Medical research has demonstrated a clear link between accelerated cognitive aging to financial vulnerability, even without any kind of dementia. In other words, as described in the article “Be prepared to avoid financial exploitation” from SBJ, we may feel fine and we may be fine, but our cognitive abilities change as we age.
One of the first signs of cognitive decline is diminished financial capacity, or the progressive loss of a person’s ability to manage banking and investment decisions. If you have an aging parent, you may have seen them struggle with tasks that were previously easy for them to do, like balancing a checkbook or tracking investments.
It’s estimated that for every 44 cases of senior financial abuse, only one is reported to authorities. In a 2010 study by a nonprofit, one in five adults 65 and older have been a victim of financial fraud or manipulation.
There are several actions that can be taken to mitigate the risk of financial fraud and exploitation. However, the first one is planning before signs of cognitive impairment are seen. Here’s how:
Financial preparation. First, designate a trusted emergency contact for all financial accounts to receive information, if the institution suspects exploitation. Have an estate planning attorney create a durable power of attorney to appoint a trusted individual to act on your behalf. “Durable” means that it will remain in effect, even if you become incapacitated.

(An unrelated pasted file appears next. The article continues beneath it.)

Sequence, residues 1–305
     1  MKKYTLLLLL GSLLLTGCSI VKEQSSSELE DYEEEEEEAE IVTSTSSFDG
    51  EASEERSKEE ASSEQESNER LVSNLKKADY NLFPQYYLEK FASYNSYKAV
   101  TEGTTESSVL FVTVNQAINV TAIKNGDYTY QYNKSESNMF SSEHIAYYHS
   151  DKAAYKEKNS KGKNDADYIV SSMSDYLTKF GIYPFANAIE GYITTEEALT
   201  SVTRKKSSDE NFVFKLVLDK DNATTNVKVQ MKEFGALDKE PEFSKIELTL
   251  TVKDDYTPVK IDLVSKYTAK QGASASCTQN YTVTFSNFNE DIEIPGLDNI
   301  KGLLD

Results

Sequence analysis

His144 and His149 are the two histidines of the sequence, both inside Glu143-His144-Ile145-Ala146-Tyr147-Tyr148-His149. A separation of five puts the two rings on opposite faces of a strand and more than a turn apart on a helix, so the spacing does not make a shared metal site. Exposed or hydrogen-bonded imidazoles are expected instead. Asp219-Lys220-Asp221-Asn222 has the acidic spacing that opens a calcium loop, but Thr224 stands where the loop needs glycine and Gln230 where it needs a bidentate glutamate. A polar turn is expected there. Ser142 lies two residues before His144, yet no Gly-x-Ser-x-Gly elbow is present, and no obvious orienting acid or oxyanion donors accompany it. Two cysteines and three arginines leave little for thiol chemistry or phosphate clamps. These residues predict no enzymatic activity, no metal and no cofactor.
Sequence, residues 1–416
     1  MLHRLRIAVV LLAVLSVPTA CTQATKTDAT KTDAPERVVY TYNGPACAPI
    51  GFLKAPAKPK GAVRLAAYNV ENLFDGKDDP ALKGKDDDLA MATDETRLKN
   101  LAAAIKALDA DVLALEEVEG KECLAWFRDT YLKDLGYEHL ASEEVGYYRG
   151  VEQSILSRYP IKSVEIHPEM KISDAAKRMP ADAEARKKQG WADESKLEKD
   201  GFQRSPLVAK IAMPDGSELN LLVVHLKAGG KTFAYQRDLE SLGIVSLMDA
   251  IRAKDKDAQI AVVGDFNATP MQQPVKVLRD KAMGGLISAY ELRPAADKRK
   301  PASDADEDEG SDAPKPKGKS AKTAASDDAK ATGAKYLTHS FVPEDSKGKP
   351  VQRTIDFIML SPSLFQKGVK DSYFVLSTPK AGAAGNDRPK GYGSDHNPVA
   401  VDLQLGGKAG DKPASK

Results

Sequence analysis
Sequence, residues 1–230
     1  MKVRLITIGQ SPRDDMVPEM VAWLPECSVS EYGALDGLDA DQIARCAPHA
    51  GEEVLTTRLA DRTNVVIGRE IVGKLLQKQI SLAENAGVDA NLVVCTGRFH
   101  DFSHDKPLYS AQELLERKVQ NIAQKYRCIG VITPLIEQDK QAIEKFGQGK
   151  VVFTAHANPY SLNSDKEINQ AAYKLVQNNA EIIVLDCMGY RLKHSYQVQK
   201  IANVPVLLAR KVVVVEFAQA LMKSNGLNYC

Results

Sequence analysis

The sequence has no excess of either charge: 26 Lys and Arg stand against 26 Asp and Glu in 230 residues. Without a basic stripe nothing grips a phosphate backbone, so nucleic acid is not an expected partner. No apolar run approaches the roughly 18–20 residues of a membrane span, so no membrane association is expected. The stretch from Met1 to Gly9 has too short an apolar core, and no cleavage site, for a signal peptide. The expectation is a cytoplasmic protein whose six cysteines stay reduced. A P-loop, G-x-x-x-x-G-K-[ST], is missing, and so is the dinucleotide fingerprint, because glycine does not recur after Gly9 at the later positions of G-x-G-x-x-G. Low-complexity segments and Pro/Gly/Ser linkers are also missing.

Prepare a will to dispose of assets after your death.
Don’t discuss your will or any financial matters with people who are new in your life. That includes caregivers, the new neighbor down the street or people who call claiming some distant connection.
Monitor your credit report and stay up to date with the latest in scams. Seniors are now being targeted by thieves presenting themselves as calling from the Social Security Administration and threatening to cut off benefits. The SSA does not call to threaten individuals, and it never asks for payment in gift cards.
Plan how to transition your financial accounts. That may mean having a professional manage your finances, but make sure they are a licensed fiduciary, so that your interests must come first. Your estate planning attorney may know of these services.
Not all financial institutions have addressed the issue of safeguarding customers from financial fraud and exploitation. Find out what your bank, financial advisor and investment companies are doing. Do they monitor accounts for unusual transactions? What tools are available to account holders to detect suspicious activity?
Speak with your estate planning attorney about making sure all your legal documents are properly prepared for any cognitive decline, to protect yourself and your family.
Reference: SBJ (June 10, 2019) “Be prepared to avoid financial exploitation”